The report is located on page 288 of Lordstown’s preliminary proxy statement and was cited on page 51 of the final version before DiamondPeak shareholders voted.
“Although Lordstown believes that the proceeds from the business combination [with DiamondPeak] Sufficient funds will be provided to alleviate this doubt, and additional funds may be needed in the future for various reasons,” the company said in the final power of attorney.
‘Assess funding options’
It turns out that the agency’s detailed rules are more reliable than some figures in Lordstown PowerPoints.
The prospect of disappointment was first raised in March, when the short seller Hindenburg studied Published a report Said that the company’s 100,000 pre-orders were “mainly fictitious and used as props to raise funds.” The SEC launched an investigation.
In May, the company hinted at plans to raise more funds, and by last week, Lordstown warned the company May fail Within a year.
According to the June 8 regulatory document, it had $587 million in cash and cash equivalents at the end of the first quarter “not enough to finance commercial scale production.” “The management is currently evaluating various financing options.”
The company did not respond to requests for comment on this article, but has issued a series of public comments this week.
On Monday, when CEO Steve Burns and his CFO resigned, a special committee set up by Lordstown’s board revealed that the company’s description of electric pickup truck reservations was inaccurate. It said a large number of “influencers” who had no intention of buying trucks or entities without the funds to complete the purchase.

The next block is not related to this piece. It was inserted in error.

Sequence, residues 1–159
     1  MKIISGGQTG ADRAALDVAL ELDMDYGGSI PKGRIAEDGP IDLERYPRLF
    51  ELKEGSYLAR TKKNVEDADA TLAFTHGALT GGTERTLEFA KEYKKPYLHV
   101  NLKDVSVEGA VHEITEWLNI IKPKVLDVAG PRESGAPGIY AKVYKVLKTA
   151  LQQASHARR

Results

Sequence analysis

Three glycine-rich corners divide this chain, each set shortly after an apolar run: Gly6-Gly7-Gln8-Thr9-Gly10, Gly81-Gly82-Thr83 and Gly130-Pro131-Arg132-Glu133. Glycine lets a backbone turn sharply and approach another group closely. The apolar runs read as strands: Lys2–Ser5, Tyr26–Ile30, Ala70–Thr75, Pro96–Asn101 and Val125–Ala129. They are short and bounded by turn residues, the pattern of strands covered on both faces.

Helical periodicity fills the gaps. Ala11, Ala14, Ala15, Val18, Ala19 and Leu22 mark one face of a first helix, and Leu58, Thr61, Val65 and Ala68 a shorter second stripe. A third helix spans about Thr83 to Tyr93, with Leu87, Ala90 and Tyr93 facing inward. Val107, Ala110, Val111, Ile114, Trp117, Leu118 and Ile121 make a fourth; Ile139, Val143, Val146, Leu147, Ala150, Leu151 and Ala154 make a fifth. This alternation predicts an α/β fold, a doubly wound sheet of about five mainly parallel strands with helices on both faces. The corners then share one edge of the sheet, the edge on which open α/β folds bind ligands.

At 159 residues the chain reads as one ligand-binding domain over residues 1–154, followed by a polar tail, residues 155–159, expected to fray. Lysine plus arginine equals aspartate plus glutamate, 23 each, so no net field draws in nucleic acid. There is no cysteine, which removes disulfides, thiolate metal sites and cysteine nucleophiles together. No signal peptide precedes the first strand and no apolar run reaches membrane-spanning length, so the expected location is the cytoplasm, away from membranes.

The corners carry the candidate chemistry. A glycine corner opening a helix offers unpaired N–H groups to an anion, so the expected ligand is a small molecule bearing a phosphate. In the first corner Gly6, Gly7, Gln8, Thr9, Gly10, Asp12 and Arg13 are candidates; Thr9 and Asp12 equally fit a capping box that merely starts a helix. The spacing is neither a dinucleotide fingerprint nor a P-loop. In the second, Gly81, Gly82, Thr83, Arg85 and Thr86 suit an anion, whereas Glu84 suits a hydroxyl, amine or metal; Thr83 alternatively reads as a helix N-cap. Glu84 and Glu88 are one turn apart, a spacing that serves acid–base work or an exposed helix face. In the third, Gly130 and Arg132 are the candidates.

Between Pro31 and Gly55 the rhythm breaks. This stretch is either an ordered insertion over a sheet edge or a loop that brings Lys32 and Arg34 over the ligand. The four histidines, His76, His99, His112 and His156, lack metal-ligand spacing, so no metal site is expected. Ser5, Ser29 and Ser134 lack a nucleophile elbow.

On Tuesday, executives told reporters that the company has enough cash to maintain until May 2022, and still plans to start limited production of Endurance in September. The company’s president, Rich Schmidt, stated that Lordstown had “binding” purchase orders for the first two years of production.
On Thursday, the company clarified in a U.S. Securities and Exchange Commission document that although these pre-orders “provide us with an important indicator of demand,” they are not solid.
“The high tide does not raise all the boats”
Mayor Arno Hill said the village has excluded Lordstown Motors from its budget plan. “You don’t put your finances on things you don’t have yet,” he said.
His hopes for the future of Mahoning Valley Power are more firmly pinned on established companies such as General Motors and LG Chem. The latter announced the establishment of a joint venture in May 2020 to establish a US$2.3 billion company in Lordstown. Factory to produce batteries. Hill said the factory was built “at a very fast pace” and has already started hiring. It is expected to hire 1,100 employees.
Hill said that the jobs lost by GM’s closure of the Cruze plant cannot be immediately replaced, “but we are working hard.”
Lordstown’s predicament may also stop investors looking for the next Tesla, who have invested heavily in electric car start-ups in the past year.
“This is the fourth industrial revolution being staged, but the rising tide has not lifted all the ships,” said Wedbush analyst Dan Ives. For Lordstown Motors, “there are more questions than answers at this time”.